Steve Pavlina is writing a series of articles on career development that you may want to check out. Below are just a few excerpts, but please take time to read the articles in full, they will make you think.
When you succeed in creating a fulfilling career, it will be uniquely you. Your career will absolutely ooze with your own creative self-expression. It may take the external form of a job, a business, a web site, volunteer work, or some other entity, but it will never be generic because you are not a generic person. The right career will be so ridiculously you that if you thought about replacing yourself with someone else, it just wouldn’t make sense.
A fulfilling career is an effective outlet for your creative self-expression that satisfies the following criteria:
- You are sustainably meeting your needs and increasing your ability to meet those needs with greater ease and abundance.
- You are working from your strengths and further developing those strengths into major talents.
- You are doing work you enjoy, and the overall enjoyment you derive from your work is increasing.
- You are making a meaningful positive contribution to others, and that contribution is increasing over time.
From Career Planning:
Just because you can do something and get paid well for it doesn’t mean you should.
From Career and Commitment:
For most people, myself included, enjoying a good career is one of the most important goals in life. But very rarely do people just fall into the career of their dreams. It takes a combination of proactive thought and action. While the steps to get there may require a lot of effort, they’re rarely unknowable or shrouded in mystery. It’s usually just a matter of putting in the time and persisting. If it takes years, it takes years, but delay won’t get you there any sooner.
From Exploring Career Choices:
Exploring is an integral part of any fulfilling career, not merely something you do before making the choice. No career choice is final.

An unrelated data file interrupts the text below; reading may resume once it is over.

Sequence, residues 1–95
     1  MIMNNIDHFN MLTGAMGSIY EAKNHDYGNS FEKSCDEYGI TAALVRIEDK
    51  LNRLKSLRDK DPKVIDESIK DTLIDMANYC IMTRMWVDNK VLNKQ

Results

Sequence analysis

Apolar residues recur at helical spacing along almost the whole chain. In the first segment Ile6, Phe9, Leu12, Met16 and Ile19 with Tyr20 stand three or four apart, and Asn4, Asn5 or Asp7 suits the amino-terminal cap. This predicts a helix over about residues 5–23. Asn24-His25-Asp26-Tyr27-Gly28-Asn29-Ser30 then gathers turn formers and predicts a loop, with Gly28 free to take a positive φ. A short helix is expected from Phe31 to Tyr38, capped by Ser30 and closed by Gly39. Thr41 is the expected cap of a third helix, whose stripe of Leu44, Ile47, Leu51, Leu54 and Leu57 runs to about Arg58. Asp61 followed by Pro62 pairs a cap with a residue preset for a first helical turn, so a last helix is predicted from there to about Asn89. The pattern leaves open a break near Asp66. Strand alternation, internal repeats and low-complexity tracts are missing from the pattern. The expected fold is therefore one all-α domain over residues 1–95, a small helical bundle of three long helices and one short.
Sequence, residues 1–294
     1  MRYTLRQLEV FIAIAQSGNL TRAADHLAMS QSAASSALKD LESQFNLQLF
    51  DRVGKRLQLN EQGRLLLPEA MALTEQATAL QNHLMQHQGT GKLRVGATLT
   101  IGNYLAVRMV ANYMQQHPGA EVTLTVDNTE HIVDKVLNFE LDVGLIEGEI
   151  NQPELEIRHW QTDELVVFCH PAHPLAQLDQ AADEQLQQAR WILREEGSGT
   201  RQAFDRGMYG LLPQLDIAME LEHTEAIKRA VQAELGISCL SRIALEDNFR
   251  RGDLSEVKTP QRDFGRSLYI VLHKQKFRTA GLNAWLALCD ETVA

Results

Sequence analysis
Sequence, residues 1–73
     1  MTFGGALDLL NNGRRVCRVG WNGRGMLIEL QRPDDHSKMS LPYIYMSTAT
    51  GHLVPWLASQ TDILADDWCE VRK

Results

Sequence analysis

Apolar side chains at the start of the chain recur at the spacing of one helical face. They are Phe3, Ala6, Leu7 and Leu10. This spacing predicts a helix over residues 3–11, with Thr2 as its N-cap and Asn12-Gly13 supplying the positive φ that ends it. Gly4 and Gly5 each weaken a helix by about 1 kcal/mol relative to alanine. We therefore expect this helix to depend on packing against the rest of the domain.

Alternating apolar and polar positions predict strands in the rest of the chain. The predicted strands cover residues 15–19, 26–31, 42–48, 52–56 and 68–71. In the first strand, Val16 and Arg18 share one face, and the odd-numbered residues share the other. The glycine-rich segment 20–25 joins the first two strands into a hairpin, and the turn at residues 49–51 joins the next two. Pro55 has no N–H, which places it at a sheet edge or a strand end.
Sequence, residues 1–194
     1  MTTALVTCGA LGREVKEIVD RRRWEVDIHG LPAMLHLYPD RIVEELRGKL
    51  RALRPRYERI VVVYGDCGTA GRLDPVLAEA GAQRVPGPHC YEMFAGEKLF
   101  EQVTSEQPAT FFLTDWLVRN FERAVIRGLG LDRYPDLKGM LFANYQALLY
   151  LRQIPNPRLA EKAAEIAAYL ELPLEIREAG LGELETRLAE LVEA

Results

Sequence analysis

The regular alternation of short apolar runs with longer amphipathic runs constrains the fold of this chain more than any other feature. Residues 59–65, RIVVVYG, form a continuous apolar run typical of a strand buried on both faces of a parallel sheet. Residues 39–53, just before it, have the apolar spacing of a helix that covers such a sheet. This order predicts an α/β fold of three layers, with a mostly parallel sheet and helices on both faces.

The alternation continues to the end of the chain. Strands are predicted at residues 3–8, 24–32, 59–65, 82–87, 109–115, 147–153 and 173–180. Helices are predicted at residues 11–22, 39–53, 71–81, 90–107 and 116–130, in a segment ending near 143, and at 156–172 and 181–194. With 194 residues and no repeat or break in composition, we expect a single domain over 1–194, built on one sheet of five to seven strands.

The notion that you generate income by trading value is a simple concept, but it’s amazing how many people still don’t get it.
From Discover Your Strengths:
I suggest you take at least one assessment test to gain clarity about your in-born strengths. Working from your strengths will help you (1) be far more productive, (2) get better results, (3) contribute more value, (4) attract higher compensation, (5) enjoy your work, and (6) experience greater fulfillment.
Once you recognize your mistake, cut your losses and get out as soon as possible. A wrong decision doesn’t become a right decision by pretending. Forgive yourself and move on.
From Career Apathy:
A bad career choice can serve up some major emotional consequences. First comes discontent and dissatisfaction. Next comes frustration and overwhelm. Then comes depression and learned helplessness. And finally you get numbness and apathy.
From You Are Self-Employed:
Even if you seemingly work for someone else, you still work primarily for yourself. You have your own company with one employee — you — and you’re in the business of selling your employee’s labor for profit.